By virtue of its necessity, simple food can be a powerful tool for manipulation; a hungry man is a weak man. Even more powerful, however, is food so seductive or somehow desirable that it can be used to manipulate even a sated man. In “Momotaro’s Sea Eagle,” we saw the use of culinary images like the peach and millet dumplings from the iconic Momotaro story in such a propagandistic sense. The film’s army of peppy critters joyfully munched on these snacks, evocative of the shared history of the Momotaro tale, while they determinedly destroyed the obviously Hawaiian naval base of the “Red Demons.”
While not quite a conflict on the scale of World War II, the struggle through the Football season in the greater Pittsburgh area in Pennsylvania is an intense one for Steelers fans. TV spots air, players appear on local news for interviews, and the wearing of jerseys increases exponentially. One bizarre practice of the community is the production by local snack makers of Steelers themed chips. I don’t know if this is a unique practice, but I’ve always thought it strange, browsing the grocery store isles to find black and yellow tortilla chips with the usual Tostitos. These bags will occasionally sport pictures of players in dramatic or triumphant poses, with a one sided message for Steeler Country.
These sexy chips function essentially like the snacks of the Momotaro film- representing themselves as the snack of a shared culture and the starting point for a Go-Team patriotism. They go well with salsa too.
The first image an American might come up with when asked about propagandistic food might be “freedom fries”, or the less well-known “freedom toast”, renamed because of French opposition to the U.S.-led invasion of Iraq. Few might look at their own families for sources of propagandistic food, but that is actually one of the first things I thought on the topic. My mom loved telling me in my childhood that eating spicy foods would result in a long and energetic lifespan, pointing at my grandmother (her mother), who was well past 70 but still climbing apartment stairs and working in the medical lab daily. I cannot remember what I thought of food when I was young, though I suspect I avoided my greens; nevertheless, I have been eating spicy foods for as long as I remember.
As I write this, I am also aware that many people simply cannot tolerate spicy food. The only way I could rationalize this scientifically was to think that perhaps these people had too many spicy taste buds on their tongues, whereas I had too many burned away over the course of the years. But even if that were true, that would suggest that at some point in time, I too was not able to tolerate spicy foods well. It just goes to show how powerful propaganda in food can be, especially on a child whose mind can be easily molded. Though I cannot remember it, the lull of a longer, more eventful life seems to have encouraged me to pick up spicy foods, to such an extent that my tolerance of spice has kept going up for as long as I can remember – and to the chagrin of friends who try spicy dishes I recommend.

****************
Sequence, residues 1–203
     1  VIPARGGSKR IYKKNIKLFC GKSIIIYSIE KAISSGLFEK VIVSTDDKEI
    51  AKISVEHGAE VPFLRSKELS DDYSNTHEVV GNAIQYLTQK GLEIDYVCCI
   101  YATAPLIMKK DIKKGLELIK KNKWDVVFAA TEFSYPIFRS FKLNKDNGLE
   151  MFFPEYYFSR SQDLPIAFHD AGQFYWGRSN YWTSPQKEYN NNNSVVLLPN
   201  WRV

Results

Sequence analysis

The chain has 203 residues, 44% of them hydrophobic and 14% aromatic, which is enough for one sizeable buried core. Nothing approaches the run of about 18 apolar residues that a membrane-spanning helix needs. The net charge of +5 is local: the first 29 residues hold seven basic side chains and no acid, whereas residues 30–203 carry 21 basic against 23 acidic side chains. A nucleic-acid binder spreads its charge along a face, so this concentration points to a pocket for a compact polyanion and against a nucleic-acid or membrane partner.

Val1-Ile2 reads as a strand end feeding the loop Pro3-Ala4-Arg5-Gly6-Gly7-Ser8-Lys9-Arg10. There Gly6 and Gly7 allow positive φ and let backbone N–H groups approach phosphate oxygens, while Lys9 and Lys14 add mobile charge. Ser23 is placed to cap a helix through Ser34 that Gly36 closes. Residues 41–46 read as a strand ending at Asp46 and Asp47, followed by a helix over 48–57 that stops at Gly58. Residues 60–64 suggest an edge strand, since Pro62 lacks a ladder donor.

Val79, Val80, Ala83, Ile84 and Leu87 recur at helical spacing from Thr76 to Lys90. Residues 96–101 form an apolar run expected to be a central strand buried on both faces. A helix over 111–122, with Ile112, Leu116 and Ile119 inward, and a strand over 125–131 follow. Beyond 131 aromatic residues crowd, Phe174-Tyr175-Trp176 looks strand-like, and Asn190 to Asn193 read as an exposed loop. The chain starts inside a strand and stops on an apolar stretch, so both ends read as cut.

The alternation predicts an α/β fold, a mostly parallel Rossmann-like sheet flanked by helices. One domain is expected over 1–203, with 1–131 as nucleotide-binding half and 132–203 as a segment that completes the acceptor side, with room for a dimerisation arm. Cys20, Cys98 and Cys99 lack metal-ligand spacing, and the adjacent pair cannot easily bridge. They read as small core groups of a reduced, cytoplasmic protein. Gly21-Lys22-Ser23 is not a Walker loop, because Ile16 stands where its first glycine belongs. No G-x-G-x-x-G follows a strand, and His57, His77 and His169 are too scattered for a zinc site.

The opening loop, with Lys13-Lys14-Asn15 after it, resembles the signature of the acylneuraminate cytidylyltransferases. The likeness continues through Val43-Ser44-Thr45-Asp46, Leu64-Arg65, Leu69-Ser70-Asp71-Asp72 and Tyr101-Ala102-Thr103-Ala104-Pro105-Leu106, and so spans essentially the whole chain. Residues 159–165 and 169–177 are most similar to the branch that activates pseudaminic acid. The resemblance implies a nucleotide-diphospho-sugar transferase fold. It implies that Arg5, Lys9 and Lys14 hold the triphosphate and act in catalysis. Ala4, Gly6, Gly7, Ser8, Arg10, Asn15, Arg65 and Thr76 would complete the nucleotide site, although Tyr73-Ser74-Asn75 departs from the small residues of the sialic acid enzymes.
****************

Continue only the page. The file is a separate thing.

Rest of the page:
I am sure many of us have seen the Reese’s Puffs commercial in which the cereal is presented as the gateway to good fortune. As soon as the boy puts one spoonful in his mouth, his life becomes infinitely better. His parents suddenly treat him as their master and allow him to do anything that his heart desires. After just one bite, he becomes extremely popular and catches the eye of a famous music group. Not only does this advertisement portray Reese’s Puffs cereal as something absolutely fantastic, but it also brainwashes young children to believe that they too can make their dreams come true after eating some. The boy’s sister seems to carry on with her drab life, probably due to the fact that she herself has not yet had a bite of the wondrous cereal. This definitely underscores the fact that it is indeed the Reese’s Puffs that have forever changed his fate. However, the real propaganda tool is the sister, who desperately tries to get her hands on the cereal box. She represents all the young children who are also dying to try just one bite of Reese’s Puffs. By observing her, they truly believe that the cereal is the key component to success.
Similarly, after becoming familiar with Momotaro’s myth, it is rather likely that millet dumplings became extremely popular in Japan because they were associated with effortless victory. People truly believed that if they too were to consume these “magical” dumplings, they would be guaranteed lifelong success in anything they tried to conquer. Almost everyone loves to eat food–what better way is there to distribute the message of Japanese nationalism through patriotic millet dumplings?
We will watch the Momotarō film in class. As you watch, and as you read, think about:
?: what elements seem to vary, between versions? What elements are a constant–and seem to resemble a structure, something fixed?
?: like Ryuji, Momotarō is a young peach. How do the qualities people usually look for in a child help him in his cause as a warrior?
Note: the NDL (national diet library) book is much better when viewed on line here.
Don’t forget to watch the Momotarō jazz opera [search for Momotarō in the blog search box]
No blog entry–blog entry is due on a “mythic or propagandistic food” on Tuesday, October 19.